You can pay for college admissions advice from any number of independent counselors who provide their qualified advice over the phone, but the first question you should ask is whether the counselor you are paying is the right person for you. You will not receive the targeted advice you need to make your best decision if your counselor just plugs your GPA and ACT/SAT scores into a formula, or the counselor immediately assumes that you want to attend an Ivy League or some other name brand school. Before you contact and pay for a college admissions counselor, you should understand two preliminary matters, and then you should proceed from those matters to interview and qualify your counselor.

The first preliminary matter is that "we" are not going to college, only "you" are. Many well-meaning parents and family members become overly-involved in the college admission process. This is entirely understandable, given that parents will want to see their children succeed and that they will be paying for the bulk of their children's college experience. Nonetheless, the time that you spend at your college will be your time. You need to understand what you (and not your parents) want from a college in order for your college admissions counselor's advice to have any value.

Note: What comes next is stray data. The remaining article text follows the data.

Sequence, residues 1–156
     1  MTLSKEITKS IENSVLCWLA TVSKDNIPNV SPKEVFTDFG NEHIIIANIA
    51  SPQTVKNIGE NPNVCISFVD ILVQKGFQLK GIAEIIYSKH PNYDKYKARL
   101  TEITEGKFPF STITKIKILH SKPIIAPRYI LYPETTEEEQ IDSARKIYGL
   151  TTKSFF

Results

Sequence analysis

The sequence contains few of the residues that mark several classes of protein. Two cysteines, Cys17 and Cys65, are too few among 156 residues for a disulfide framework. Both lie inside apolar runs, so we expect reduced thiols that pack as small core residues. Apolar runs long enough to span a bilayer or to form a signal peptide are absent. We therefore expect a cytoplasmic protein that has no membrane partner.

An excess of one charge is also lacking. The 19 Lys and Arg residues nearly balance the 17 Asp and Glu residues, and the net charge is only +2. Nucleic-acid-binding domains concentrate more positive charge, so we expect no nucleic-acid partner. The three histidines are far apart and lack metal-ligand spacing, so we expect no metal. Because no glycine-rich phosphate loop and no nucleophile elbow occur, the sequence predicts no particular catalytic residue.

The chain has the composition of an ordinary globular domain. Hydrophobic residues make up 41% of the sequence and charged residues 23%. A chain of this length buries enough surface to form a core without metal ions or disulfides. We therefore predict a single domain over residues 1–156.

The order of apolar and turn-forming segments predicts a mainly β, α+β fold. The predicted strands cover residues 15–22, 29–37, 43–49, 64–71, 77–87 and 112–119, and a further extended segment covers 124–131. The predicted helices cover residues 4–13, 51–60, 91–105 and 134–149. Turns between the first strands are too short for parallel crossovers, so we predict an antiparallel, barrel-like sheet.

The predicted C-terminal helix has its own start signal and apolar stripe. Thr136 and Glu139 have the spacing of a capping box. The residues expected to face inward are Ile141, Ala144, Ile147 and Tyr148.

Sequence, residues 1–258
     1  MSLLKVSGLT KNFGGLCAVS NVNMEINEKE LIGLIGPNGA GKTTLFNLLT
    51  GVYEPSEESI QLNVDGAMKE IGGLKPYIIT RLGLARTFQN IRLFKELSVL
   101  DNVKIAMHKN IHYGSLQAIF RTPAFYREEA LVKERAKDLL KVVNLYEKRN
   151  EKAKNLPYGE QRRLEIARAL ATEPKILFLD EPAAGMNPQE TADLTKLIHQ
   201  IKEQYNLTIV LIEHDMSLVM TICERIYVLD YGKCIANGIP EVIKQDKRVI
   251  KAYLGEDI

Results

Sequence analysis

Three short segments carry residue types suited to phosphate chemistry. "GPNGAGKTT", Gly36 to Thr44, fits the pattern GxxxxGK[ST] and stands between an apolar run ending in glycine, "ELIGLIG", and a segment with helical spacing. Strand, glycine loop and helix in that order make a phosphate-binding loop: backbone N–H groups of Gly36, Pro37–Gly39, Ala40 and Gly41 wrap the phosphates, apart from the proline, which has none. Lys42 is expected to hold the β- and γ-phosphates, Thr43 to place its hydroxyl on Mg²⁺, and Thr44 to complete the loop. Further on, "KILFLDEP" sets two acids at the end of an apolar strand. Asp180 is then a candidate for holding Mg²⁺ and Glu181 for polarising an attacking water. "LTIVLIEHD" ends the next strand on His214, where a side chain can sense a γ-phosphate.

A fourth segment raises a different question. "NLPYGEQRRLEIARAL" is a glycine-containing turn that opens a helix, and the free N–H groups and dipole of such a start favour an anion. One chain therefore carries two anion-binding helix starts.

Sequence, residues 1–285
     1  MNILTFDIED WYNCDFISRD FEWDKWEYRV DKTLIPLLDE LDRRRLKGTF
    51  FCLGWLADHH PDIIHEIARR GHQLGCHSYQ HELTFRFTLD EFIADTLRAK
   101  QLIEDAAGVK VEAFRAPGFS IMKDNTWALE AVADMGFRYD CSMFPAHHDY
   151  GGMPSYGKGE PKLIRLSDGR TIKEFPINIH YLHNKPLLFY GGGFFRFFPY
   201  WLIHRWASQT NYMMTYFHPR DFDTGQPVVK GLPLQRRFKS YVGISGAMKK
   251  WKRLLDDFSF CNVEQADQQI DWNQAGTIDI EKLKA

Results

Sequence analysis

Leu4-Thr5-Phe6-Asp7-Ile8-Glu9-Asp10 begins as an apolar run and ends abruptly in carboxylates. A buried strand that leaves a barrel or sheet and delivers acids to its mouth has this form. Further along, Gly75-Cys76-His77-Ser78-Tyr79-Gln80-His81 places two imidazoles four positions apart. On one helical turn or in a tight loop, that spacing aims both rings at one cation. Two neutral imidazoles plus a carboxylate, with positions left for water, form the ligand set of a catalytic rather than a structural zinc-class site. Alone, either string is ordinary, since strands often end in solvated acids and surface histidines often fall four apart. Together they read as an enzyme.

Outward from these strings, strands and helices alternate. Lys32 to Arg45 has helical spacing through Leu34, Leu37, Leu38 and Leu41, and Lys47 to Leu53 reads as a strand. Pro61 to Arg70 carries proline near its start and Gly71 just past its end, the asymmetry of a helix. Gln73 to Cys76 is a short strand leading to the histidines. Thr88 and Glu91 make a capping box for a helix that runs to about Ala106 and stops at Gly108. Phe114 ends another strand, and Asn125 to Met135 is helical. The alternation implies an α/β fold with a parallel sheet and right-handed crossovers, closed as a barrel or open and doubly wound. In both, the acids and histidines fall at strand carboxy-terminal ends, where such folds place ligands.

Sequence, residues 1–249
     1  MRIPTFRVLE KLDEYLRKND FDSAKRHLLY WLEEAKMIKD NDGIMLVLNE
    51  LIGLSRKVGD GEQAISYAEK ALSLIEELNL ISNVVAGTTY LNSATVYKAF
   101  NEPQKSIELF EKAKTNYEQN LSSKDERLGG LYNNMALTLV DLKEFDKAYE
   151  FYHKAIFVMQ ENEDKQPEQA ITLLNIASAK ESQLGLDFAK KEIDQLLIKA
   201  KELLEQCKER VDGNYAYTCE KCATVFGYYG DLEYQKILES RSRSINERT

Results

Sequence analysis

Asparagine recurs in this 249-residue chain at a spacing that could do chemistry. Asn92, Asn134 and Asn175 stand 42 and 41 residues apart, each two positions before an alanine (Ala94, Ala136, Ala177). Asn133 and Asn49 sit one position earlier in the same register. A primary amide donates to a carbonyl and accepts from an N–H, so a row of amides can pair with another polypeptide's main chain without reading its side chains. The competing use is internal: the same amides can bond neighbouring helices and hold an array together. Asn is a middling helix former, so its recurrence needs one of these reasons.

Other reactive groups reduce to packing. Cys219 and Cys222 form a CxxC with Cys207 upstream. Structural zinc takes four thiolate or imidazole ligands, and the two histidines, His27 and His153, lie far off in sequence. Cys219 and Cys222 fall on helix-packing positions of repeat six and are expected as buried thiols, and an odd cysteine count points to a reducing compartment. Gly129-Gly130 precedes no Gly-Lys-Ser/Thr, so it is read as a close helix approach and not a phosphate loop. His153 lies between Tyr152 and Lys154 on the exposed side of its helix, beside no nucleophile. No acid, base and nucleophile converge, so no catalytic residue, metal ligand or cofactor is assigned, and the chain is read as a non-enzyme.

The second preliminary matter is that there are more than 4,000 two- and four-year colleges in the United States. This further implies that there is some place in that college universe for everyone. The college admissions counselor that you will pay should be familiar with as large a sample of that universe as is possible in order to help you locate and select the best college for you. You will find any number of anecdotal stories about intelligent high school students who floundered in the highly-competitive environment of a top-tier college, with similar corollary stories about students who thrived at mid-level colleges that better suited their desires and abilities. 

Once you have digested these preliminary matters, you can develop your own list of interview questions for a college admissions counselor. Your questions should reflect you, your study habits and abilities, and your personality. Listen carefully to the counselor's answers to your questions. Your instincts will inevitably tell you if a counselor is the best independent counselor for you.

The college admissions process is both exciting and unsettling. If you are paying for qualified advice from a counselor who is advising you by phone, make sure you are working with a counselor that takes the time to know you and to give you the advice that will put you in your ideal college environment.

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